I contacted J.P.’s endocrinologist, who quickly called the attending doctor and was able to get the IV fluids ordered stat. J.P. had another vomiting episode and dropped his oxygen level to the point where he was rapid-responsed back to PICU, which was where we wanted him placed initially.

At this point, my stress level was through the roof, and I was beyond the point of exhaustion and couldn’t take much more. The news we would get in the coming days led to us to try to move his feeding tube to his intestines, but subsequent vomiting dislodged the tube.

My sister was closely following things from Missouri and had heard enough. She came to our rescue at the end of November, and we learned a few days later that J.P. was ready to go home. After all that had happened, there was an element of fear to going home. I felt I might lose my mind if he were to vomit again, but at least three of us would be ready in a worst-case scenario.

I tried to think positively. This is the Christmas season, right? The best gift ever would be to be able to put this behind us. We could get some decorations out for the holidays. Maybe my sister could help us decorate our tree. That would be a lot of fun, and I was definitely ready for something fun. But then it happened. It seemed to come from nowhere. J.P. was vomiting again, and my heart just sank.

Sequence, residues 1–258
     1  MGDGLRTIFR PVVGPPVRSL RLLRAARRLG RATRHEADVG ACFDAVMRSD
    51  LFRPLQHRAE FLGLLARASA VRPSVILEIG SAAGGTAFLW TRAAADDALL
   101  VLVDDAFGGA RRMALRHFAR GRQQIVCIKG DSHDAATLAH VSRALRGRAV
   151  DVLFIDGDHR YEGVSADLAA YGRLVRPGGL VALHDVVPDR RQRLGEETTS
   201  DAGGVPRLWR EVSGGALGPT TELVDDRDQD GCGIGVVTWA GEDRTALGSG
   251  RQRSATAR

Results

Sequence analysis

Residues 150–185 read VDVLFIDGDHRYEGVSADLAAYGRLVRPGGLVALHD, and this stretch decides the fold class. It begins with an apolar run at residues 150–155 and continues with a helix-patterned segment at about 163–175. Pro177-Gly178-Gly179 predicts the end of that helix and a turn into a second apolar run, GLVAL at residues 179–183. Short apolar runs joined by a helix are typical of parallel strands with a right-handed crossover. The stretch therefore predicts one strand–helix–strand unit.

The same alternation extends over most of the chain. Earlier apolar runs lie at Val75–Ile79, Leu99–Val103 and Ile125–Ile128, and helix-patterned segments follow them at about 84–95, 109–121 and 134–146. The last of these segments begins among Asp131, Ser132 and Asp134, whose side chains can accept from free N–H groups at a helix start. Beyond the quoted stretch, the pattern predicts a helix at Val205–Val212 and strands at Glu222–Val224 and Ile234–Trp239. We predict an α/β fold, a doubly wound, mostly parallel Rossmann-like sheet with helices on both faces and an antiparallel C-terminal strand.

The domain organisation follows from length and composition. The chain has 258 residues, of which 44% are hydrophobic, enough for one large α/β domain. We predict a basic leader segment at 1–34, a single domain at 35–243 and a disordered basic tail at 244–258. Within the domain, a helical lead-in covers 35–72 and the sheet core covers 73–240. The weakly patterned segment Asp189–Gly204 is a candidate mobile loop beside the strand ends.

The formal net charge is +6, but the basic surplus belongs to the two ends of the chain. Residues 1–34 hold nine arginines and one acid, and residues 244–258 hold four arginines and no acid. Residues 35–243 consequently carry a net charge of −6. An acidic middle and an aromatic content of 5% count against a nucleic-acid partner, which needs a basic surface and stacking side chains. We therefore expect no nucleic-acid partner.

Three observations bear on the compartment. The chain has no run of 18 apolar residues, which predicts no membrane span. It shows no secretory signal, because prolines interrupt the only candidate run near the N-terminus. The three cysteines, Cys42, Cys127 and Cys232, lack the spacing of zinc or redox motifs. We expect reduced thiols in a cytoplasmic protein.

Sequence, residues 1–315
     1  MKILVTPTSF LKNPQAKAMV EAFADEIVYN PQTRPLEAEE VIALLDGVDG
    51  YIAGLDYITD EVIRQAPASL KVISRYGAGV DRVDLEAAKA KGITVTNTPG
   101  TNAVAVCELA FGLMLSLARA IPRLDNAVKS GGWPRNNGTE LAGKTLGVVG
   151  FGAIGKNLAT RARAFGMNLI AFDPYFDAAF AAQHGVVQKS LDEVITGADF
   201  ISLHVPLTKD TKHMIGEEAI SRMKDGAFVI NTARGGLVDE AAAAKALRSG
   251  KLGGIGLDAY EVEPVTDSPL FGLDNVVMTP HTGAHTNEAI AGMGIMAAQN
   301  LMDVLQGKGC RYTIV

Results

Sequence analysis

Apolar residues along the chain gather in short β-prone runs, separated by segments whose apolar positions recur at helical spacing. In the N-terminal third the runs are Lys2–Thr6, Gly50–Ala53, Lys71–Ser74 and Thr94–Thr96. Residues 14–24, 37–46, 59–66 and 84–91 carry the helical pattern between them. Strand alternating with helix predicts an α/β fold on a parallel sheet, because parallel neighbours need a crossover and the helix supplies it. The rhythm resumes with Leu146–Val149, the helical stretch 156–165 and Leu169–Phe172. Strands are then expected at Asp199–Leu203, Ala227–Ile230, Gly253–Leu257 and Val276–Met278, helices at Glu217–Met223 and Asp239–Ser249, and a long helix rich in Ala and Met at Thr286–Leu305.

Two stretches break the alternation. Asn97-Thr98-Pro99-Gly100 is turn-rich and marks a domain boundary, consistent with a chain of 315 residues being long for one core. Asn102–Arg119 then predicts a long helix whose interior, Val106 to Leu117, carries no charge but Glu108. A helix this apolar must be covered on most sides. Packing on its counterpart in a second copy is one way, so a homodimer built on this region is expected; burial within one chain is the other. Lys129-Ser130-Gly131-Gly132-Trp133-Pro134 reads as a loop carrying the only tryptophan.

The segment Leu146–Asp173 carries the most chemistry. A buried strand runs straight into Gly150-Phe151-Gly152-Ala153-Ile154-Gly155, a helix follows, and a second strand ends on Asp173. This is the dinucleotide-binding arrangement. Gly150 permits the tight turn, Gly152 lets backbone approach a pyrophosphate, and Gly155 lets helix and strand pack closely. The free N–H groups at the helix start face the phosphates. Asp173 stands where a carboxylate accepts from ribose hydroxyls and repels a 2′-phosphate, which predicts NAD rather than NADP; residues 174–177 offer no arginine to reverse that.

Just like before, the respiratory issues followed the vomiting, and we were back on the phone with the 911 operators. The fire engine and ambulance were soon at our house, and before we knew it, we were back where we least wanted to be: the emergency room. The hopes that this nightmare was over were dashed. Christmas was again on hold, and our hearts were broken.

Two days later I wrote a post to Facebook that summed up my feelings.